James Fitchett, Professor of Marketing and Consumer Research at the School, traces the historical evolution of socio-economic illness in a Midlands city
UK Coal recently announced the closure of the last remaining coal mines in Britain. The proposal will see the pits face a phased shutdown, with UK Coal’s six surface mines being sold off with the loss of over 1,300 jobs. Thoresby colliery in Nottinghamshire, about an hour’s drive north up the M1 motorway from Leicester, is the last of over 50 Nottinghamshire coal mines to close.
My Grandfather worked in the Nottinghamshire coal mines – including Babbington colliery – now the site of the appropriately named Phoenix Park tram terminus on the northern edge of the city of Nottingham. Like many of his working class he died from ‘industrial disease’: lung disorders brought on by years of hard physical manual labour. I can recall the many clichés from this working class life – community spirit, communal pride, neat and pristinely manicured gardens on council housing estates, and the perceived nobility of hard work and proud cultural solidarity. Many of the miners I knew were expert gardeners; taking every possible chance to get out into the open air while supplementing the family diet. By the mid-1980s, around 24,000 industrial workers were employed by British Coal in Nottinghamshire – the social decay produced by the closure of the mines and the resulting mass unemployment, underemployment and sense social hopelessness were terrible.
For many the emotional, symbolic and political significance of the decision to close Thoresby far outweighs any economic or commercial considerations. It brings back memories of the bitter industrial dispute of the 1984-5 confrontation between Margaret Thatcher’s Conservative government and the National Union of Mineworkers, and the violent clashes between the police and striking miners. The strike and the subsequent closure of mines across Britain devastated many families and communities, epitomising for many the decline and collapse of industrial life in the Midlands and beyond. On the other side of the debate, commentators see the decline of heavy industries like coal mining as a necessary consequence of global competition, progressive capitalism and the inevitable move into a post-industrial society. The collective solidarity and community of the families’ on the council estates which housed the Nottinghamshire coalminers were replaced by communities of home owners under government right-to-buy schemes, and many children from mining communities were attracted into the emerging service economies that repopulated the vast decaying industrial wastelands of the Midlands economy.
Many of the sons and daughters of Nottinghamshire mining families found work in the new post-industrial service industries that came into the city: Experian, the Inland Revenue, and Capital One financial services – alongside thriving leisure, retail, entertainment and higher education sectors – became the new coal face of the emerging consumer and credit society. The physical evidence of this transition to the post-industrial, service driven consumer culture can be most clearly seen in places like the Centre Parcs complex at Ollerton near Sherwood Forest – which opened in 1987 – once at the heart of the Nottinghamshire coal field. The 20 million visitors to the Meadowhall shopping centre constructed in 1990 – a little further up the M1 motorway near Sheffield in South Yorkshire, on the site of a former steelworks – offers an equally poignant illustration of this now well documented social trend. The great-grandchildren of the last Nottinghamshire coal miners would be hard pressed to find much evidence of the mining industry on their local landscape today. It is equally likely that they would have an ambiguous view on the industry, given contemporary concerns with climate change and fossil fuel reliance.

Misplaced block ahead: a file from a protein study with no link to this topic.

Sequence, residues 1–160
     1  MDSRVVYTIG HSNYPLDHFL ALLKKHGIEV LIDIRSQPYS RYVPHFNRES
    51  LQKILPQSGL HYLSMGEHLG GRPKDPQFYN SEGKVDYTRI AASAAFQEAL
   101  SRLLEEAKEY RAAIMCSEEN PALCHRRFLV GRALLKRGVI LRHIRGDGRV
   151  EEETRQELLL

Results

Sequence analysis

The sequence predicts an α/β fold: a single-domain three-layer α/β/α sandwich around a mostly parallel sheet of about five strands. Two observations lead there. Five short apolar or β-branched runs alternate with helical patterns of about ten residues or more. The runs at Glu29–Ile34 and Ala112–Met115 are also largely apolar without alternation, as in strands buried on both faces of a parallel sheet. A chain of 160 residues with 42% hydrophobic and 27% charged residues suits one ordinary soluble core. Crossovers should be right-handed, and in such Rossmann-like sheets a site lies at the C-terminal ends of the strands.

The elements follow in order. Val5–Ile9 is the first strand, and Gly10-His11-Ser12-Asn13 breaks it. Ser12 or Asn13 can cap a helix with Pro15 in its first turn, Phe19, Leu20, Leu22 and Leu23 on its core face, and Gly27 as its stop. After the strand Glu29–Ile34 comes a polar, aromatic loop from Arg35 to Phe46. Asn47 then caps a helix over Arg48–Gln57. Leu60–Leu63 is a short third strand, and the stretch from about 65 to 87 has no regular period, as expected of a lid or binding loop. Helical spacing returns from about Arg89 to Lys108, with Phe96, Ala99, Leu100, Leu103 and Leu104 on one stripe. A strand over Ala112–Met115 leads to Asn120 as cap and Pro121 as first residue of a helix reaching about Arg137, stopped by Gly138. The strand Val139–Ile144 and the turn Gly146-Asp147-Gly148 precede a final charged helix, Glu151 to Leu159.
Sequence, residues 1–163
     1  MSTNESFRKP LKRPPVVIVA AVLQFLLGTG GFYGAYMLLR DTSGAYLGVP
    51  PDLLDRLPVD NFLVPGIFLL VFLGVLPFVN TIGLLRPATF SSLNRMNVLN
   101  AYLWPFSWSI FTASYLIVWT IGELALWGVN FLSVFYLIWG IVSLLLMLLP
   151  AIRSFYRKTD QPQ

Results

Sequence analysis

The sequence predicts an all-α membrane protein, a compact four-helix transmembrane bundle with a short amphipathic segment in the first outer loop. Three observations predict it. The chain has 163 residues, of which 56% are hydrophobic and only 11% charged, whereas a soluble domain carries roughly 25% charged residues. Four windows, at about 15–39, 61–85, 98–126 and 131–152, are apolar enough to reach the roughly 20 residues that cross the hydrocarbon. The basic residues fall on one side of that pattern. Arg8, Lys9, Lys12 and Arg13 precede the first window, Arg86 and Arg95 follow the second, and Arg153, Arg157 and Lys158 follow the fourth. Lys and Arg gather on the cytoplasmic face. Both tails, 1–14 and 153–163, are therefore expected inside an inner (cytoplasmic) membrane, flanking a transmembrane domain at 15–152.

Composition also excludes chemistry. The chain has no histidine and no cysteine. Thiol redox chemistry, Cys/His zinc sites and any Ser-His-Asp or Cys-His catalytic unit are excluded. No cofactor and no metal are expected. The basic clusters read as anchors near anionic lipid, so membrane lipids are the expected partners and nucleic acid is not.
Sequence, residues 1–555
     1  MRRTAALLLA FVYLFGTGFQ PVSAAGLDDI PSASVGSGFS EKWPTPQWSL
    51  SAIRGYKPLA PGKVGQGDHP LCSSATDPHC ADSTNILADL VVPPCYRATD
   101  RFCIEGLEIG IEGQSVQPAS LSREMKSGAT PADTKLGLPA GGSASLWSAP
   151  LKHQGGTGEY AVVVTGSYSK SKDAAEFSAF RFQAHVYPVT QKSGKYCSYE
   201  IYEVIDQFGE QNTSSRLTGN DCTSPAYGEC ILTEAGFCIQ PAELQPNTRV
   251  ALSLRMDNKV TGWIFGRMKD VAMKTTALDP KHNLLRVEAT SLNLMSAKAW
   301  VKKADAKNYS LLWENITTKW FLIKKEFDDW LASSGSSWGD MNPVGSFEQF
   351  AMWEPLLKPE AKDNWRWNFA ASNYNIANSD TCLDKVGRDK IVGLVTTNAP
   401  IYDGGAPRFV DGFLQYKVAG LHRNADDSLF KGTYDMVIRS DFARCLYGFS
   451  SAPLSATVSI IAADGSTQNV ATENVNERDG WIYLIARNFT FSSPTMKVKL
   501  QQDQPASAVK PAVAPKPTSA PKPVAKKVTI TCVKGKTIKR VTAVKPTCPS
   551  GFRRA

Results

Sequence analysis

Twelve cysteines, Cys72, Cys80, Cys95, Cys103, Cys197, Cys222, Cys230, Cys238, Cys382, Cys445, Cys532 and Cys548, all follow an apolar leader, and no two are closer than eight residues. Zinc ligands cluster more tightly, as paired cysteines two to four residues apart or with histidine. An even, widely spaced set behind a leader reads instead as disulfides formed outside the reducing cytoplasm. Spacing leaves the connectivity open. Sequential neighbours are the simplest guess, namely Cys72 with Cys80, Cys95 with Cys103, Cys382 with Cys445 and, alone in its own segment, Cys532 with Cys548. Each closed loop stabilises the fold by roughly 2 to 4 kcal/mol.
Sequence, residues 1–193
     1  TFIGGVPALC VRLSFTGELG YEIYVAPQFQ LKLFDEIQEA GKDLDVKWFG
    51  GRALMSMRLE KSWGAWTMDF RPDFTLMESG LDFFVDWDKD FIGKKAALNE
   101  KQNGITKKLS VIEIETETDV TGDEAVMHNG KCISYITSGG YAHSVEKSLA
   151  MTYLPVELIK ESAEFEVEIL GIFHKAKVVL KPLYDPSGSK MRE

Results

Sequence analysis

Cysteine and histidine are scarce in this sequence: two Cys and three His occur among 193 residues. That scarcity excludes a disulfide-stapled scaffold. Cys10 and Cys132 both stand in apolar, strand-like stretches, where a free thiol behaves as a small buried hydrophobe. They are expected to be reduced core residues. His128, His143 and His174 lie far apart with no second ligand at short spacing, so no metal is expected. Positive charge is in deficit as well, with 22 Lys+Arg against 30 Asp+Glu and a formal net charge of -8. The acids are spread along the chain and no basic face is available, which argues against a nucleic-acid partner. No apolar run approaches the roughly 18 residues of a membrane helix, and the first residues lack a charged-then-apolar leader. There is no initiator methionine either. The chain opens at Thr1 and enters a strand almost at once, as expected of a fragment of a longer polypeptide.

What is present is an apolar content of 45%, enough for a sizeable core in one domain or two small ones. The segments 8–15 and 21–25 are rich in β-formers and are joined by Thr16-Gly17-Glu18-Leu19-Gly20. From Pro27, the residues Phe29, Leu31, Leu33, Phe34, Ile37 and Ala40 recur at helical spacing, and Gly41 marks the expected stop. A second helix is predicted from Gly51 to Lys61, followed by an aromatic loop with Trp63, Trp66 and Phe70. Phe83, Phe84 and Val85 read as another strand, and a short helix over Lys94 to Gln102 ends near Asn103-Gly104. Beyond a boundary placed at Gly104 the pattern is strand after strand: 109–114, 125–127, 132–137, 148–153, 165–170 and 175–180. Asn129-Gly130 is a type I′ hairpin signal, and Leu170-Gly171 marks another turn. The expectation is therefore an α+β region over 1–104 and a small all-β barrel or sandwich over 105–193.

And yet the mining goes on! Since its release in 2009 the sandbox indie game Minecraft – created by Swedish programmer Markus “Notch” Persson – has sold over 35 million copies worldwide, with over 12 million copies sold on the Xbox Live Arcade Platform since 2012 (xbox 2014). The Nottinghamshire estates which once housed thousands of coal workers, then, now reverberate with the sounds of Creepers, Zombies and Skeletons battling it out it in retro-3D mines. There is some perverse poetry to be seen in contemporary consumers building up experience-points within virtual coal-mines not far from the physical site of many long closed collieries.
The announced closure of Thoresby sounds a fading echo of heavy industry in the Midlands, and of the march on to consumption and then to simulation. The industrial diseases that killed and continue to kill many former Nottinghamshire mineworkers remain a painful legacy for many families, as are the lasting ripples of the social and economic devastation experienced by mining communities across the UK. The latest generation of Nottinghamshire miners, together with their virtual comrades worldwide, have very different ailments to contend with today.